Biden says 'a woman's right to choose is fundamental' following Supreme Court draft opinion that would strike down Roe
By Nikki Carvajal and Kate Sullivan, CNN
(CNN) -- President Joe Biden on Tuesday said a woman's right to have an abortion is "fundamental" in his first statement following a published draft of a Supreme Court opinion that would strike down Roe v. Wade.
"I believe that a woman's right to choose is fundamental," Biden said in a statement. "Roe has been the law of the land for almost fifty years, and basic fairness and the stability of our law demand that it not be overturned."
Politico on Monday published what it calls a draft of a majority opinion written by Justice Samuel Alito that would strike down Roe v. Wade. The draft was circulated in early February, according to Politico. The final opinion has not been released and votes and language can change before opinions are formally released. The opinion in this case is not expected to be published until late June.
CNN has not independently confirmed the document's authenticity. Politico says it has authenticated the draft. A Supreme Court spokesperson declined to comment to CNN.
The Biden administration had urged the Supreme Court to uphold Roe v. Wade and to invalidate the Mississippi law that bars most abortions after 15 weeks. Biden has said he would seek to codify Roe v. Wade, and that his administration was "deeply committed" to protecting access to reproductive health care.
Biden said that while "we do not know whether this draft is genuine, or whether it reflects the final decision of the Court," he wanted to make clear his administration's stance on the cases before the Supreme Court.
"My administration argued strongly before the Court in defense of Roe v. Wade. We said that Roe is based on "a long line of precedent recognizing 'the Fourteenth Amendment's concept of personal liberty ... against government interference with intensely personal decisions,'" Biden wrote in his statement.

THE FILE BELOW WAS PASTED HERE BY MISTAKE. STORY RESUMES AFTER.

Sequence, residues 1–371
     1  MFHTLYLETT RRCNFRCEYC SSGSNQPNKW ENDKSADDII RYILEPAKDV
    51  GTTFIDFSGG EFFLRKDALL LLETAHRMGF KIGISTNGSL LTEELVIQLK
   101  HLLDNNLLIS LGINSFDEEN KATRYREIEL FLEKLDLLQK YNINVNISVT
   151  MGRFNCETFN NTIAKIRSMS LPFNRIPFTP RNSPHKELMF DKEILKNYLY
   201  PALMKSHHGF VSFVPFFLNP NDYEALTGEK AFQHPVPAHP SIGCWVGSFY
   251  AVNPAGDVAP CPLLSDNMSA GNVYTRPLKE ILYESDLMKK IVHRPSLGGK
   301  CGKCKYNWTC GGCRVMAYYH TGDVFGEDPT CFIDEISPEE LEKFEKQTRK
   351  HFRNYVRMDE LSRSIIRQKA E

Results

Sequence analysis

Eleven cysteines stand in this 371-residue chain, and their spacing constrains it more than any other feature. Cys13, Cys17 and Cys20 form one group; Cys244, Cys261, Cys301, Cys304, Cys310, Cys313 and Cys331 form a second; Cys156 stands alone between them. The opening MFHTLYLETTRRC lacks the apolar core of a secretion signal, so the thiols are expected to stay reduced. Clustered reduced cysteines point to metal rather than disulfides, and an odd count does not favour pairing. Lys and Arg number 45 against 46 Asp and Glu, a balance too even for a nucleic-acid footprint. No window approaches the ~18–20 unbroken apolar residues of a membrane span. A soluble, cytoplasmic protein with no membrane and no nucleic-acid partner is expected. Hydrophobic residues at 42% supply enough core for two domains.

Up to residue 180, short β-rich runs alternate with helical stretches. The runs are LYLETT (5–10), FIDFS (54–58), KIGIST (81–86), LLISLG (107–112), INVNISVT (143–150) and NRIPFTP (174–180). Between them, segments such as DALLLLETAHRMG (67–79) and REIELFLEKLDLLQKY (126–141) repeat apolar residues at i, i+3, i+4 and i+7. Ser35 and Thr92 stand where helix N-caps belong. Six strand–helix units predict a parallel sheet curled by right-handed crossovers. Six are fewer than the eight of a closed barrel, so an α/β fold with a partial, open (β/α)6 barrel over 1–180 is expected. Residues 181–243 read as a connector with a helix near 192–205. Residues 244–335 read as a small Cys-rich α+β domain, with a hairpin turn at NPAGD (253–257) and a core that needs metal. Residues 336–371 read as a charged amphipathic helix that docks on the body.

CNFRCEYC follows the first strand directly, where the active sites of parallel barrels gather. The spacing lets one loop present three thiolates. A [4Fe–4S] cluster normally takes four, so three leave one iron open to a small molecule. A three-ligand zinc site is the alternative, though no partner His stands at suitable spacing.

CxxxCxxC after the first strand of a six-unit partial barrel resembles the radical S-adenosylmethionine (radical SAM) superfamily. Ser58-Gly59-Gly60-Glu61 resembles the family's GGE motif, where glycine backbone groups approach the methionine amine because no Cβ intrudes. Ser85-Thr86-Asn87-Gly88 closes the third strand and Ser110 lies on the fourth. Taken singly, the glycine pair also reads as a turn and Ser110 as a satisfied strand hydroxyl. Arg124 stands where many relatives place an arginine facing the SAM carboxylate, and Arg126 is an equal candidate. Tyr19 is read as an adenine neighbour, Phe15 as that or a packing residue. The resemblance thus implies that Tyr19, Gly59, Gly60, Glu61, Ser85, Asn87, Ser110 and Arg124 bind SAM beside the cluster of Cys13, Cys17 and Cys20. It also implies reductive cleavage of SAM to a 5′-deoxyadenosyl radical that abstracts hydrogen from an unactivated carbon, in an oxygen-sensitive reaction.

Biden, a lifelong devout Catholic, has said he is personally opposed to abortion because of his faith but does not believe he should impose his views on the rest of society.
Biden wrote in his 2007 book, "Promises to Keep": "I personally am opposed to abortion, but I don't think I have the right to impose my view -- on something I accept as a matter of faith -- on the rest of society. I've thought a lot about it, and my position probably doesn't please anyone. I think the government should stay out completely."
"I've stuck to my middle-of-the-road position on abortion for more than thirty years. I still vote against partial birth abortion and federal funding, and I'd like to find ways to make it easier for scared young mothers to choose not to have an abortion, but I will also vote against a constitutional amendment that strips a woman of her right to make her own choice. That position has earned me the distrust of some women's groups and the outright enmity of the Right to Life groups," Biden wrote in his book.
Biden previously was a longtime supporter of the Hyde Amendment -- which bars federal funding from being used to pay for abortions, except in the cases of rape, incest or when the life of the mother is in jeopardy -- but reversed his position while he was running for President in 2020. Biden said he changed his mind because of laws that Republican state lawmakers had enacted making access to abortions more difficult for women who cannot afford the procedure or must travel to obtain it. He said these laws were extreme and in violation of Roe v. Wade.
In his statement on Tuesday, Biden wrote that if the court does overturn Roe, "it will fall on our nation's elected officials at all levels of government to protect a woman's right to choose. And it will fall on voters to elect pro-choice officials this November. At the federal level, we will need more pro-choice Senators and a pro-choice majority in the House to adopt legislation that codifies Roe, which I will work to pass and sign into law."
This is a breaking story and will be updated.
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